A display of solidarity between the council, Representative Justin Jones (D-52), and Senator London Lamar (D-91), RS2023-2033 supports House Bill 304/Senate Bill 200. This resolution both recognizes the state-filed legislation and proposes to require that bars, restaurants, and other establishments serving alcohol maintain a dose of narcan (naloxone hydrochloride nasal spray) on site at all times.
As for stormwater, BL2023-1690 is set to create a “stormwater capacity fee” that would charge $0.71 per square foot of “impervious surface” within any new development project area. The maximum fee chargeable per project cannot exceed $500,000. These capacity fees will not apply to properties located in “satellite cities”, which include Berry Hill, Belle Meade, Oak Hill, Goodlettsville and Forest Hills.
THE BIKE BRIGADE BL2022-1449 and RS2023-2029 both further the march toward a bikeable Nashville. The bill, which is on second reading and proposes to form a Bicycle and Pedestrian Advisory Commission, has been referred and deferred four separate times; meanwhile, its accompanying resolution proposes to accept an award of $800,000 from the Bloomberg Initiative for Cycling Infrastructure.. If passed, Metro would be required to cash match the $800,000, and the money would put toward providing “consultant and technical assistance in finding creative solutions to deliver safer, more comfortable bike lanes.”
Tennessee public school student losses traced to surge in private school enrollment (Lookout) Tennessee had among the largest new enrollments in private schools, with 18,862 new private school enrollees — or about a 24% increase in private enrollment overall. By the Fall of 2021, there were 98,452 students enrolled in Tennessee private schools. Homeschooling increased by more than 2,240 students to 13,600 — a 20% increase enrollment.
Tennessee up $1.2B more than budgeted in taxes, fees at fiscal year midpoint (Center Square) A large portion of those collections are sales taxes from across the state. Through six months, Tennessee has collected nearly $7 billion in sales taxes, ahead of the budgeted amount of $6.2 billion. For the month of January, $1.3 billion in sales taxes were collected, which was $131 million more than budgeted.
Tennessee attorney general opens criminal investigation of Nashville DA Glenn Funk's office (Channel 5) In a letter delivered last week, the AG's office notified Funk that they are "investigating whether any official in your office has violated any criminal law." NewsChannel 5 obtained that letter through a public records request.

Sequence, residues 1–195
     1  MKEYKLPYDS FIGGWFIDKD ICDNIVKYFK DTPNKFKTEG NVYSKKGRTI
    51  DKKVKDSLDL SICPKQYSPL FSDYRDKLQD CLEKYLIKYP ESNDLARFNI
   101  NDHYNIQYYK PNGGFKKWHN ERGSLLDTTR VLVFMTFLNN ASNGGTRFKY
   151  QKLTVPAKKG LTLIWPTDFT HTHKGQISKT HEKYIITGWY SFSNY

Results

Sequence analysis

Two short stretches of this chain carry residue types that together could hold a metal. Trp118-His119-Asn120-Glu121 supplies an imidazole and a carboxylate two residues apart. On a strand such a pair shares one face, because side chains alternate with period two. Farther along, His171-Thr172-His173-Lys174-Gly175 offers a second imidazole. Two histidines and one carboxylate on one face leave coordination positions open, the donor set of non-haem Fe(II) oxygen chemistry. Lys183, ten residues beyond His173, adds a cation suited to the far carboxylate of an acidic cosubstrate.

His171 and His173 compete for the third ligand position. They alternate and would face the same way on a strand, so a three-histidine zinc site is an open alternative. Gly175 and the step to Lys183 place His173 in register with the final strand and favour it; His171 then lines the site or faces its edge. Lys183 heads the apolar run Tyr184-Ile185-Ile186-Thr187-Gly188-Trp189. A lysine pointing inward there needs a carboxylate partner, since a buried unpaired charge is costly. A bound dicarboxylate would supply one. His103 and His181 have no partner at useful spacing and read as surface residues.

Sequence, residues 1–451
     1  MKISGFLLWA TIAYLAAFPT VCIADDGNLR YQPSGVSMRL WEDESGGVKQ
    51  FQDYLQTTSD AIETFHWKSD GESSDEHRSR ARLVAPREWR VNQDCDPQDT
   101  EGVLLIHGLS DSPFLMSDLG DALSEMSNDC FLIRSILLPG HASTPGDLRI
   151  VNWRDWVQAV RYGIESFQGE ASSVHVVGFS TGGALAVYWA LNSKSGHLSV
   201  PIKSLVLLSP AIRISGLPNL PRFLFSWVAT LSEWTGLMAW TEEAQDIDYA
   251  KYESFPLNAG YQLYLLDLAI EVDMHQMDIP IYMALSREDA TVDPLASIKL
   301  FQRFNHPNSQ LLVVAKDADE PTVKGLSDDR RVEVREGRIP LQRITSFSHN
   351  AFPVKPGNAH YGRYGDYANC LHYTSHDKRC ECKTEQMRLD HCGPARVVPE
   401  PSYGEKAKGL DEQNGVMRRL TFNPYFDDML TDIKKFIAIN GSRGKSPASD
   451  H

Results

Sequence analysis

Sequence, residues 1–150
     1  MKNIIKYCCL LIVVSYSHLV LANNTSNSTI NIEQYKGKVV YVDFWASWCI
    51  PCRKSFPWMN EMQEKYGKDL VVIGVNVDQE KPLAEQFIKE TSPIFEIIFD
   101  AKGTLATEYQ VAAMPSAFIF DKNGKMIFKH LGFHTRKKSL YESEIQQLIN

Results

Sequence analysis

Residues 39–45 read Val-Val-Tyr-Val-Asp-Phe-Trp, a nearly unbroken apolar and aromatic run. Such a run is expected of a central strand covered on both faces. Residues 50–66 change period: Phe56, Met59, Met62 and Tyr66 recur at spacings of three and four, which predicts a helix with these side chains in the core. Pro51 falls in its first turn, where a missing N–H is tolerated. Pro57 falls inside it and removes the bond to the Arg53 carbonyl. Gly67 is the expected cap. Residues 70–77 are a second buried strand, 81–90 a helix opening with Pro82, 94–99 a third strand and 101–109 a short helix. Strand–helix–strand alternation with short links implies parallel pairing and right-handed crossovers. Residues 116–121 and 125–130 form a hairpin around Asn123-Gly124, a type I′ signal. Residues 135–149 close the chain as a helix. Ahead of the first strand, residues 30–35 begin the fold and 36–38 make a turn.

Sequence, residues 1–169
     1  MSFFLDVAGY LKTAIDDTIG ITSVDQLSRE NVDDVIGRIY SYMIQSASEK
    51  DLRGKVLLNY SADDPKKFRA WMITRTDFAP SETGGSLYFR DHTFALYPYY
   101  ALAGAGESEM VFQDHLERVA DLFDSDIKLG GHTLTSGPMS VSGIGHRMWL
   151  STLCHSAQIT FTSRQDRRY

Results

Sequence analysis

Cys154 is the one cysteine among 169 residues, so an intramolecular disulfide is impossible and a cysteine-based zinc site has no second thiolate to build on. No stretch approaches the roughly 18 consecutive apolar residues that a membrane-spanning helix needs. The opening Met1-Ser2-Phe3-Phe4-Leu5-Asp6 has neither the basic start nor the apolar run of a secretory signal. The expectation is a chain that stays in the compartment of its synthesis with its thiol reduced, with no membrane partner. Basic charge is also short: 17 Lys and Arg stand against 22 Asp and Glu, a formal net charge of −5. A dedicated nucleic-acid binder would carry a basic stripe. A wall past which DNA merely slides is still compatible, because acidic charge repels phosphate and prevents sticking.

- Former Nashville school board member Fran Bush announces run for mayor (Tennessean)
- Metro Councilmember Bob Mendes Won’t Run for Mayor (Scene)
- Get A Look Inside Albion Residentials Upcoming 20-Story Tower In The Nashville Gulch (Now Next)
- Despite changes, hundreds of Belle Meade residents remain unsupportive of plaza redevelopment (NBJ)
- Four licensed Starbucks locations in Nashville to close (NBJ)
- South Nashville warehouse listed for sale (Post)
- Airport-airport apartments sell for $35M (Post)
- Chicago developer buys in South Nashville (Post)
- Memphis chicken chain preps local location (Post)
- Demo looms related to SoBro project (Post)
THINGS TO DO
🎧 On our Spotify: Pamphleteer's Picks, a playlist of our favorite bands in town this week, On the Radar, a playlist of the best bands in town in the future, and Nashville Sounds, an ever-growing sample of the local music scene.
🎻 Guerrero conducts 'An American in Paris' with the Nashville Symphony twice this week at the Schermerhorn Symphony Center (2/23 & 2/24). Get your tickets here.
🪕 Billy Strings does two nights at Bridgestone Arena (Friday, 2/24 & Saturday 2/25) before doing a special show at the Ryman on Sunday for those who went to one of the Bridgestone shows. Bridgestone tickets here and Ryman tickets here.
🎸 Jenny Don't & the Spurs @ City Winery, 6p, $20+, Info
+ garage-infused country music
🎸 Honky Tonk Tuesday @ American Legion Post 82, 5p, Free, Info
+ two-step lessons @ 7p, The Cowpokes @ 8p
🎺 Todd Day Wait @ The Underdog, 11:30p, Free, Info
+ Honky Tonk Tuesday afterparty, down the street
ON THE RADAR
🥁 Os Mutantes @ The Blue Room, 3/1, 7p, $25, Info
+ Brazilian psychedelic rock band, part of the Tropicália movement of the late 1960s
🎸 Dawes @ Ryman Auditorium, 3/4, 8p, $25+, Info
+ folk-rock from Los Angeles
🪕 Margo Price @ Ryman Auditorium, 3/9, $35+, Info
+ Nashville based singer-songwriter
🎻 Brahms and Dvořák with the Nashville Symphony @ Schermerhorn Symphony Center 3/10 & 3/11, $25+, Info
🕺 Lettuce @ The Brooklyn Bowl, 3/17-18, $32, Info
🎸 Tennis @ The Brooklyn Bowl, 3/25, $25, Info
+ indie pop duo making modern lo-fi with a sweet '50s pop heart
🎻 Saint-Saëns “Organ” Symphony with the Nashville Symphony @ Schermerhorn Symphony Center, 3/31 & 4/1, 8p, Info
+ experience the awe-inspiring sonic splendor of the pipe organ
🎸 Goose @ The Ryman Auditorium, 3/31-4/1, Info
+ funky jam band